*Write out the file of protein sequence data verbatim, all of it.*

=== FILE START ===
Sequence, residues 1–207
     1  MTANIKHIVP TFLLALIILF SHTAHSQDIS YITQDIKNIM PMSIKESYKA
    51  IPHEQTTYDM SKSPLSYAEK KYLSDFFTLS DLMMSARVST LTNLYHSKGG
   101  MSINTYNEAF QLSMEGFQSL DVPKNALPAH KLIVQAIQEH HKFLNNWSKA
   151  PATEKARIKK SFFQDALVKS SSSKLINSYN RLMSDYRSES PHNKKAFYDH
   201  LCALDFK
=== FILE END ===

Sequence, residues 1–207
     1  MTANIKHIVP TFLLALIILF SHTAHSQDIS YITQDIKNIM PMSIKESYKA
    51  IPHEQTTYDM SKSPLSYAEK KYLSDFFTLS DLMMSARVST LTNLYHSKGG
   101  MSINTYNEAF QLSMEGFQSL DVPKNALPAH KLIVQAIQEH HKFLNNWSKA
   151  PATEKARIKK SFFQDALVKS SSSKLINSYN RLMSDYRSES PHNKKAFYDH
   201  LCALDFK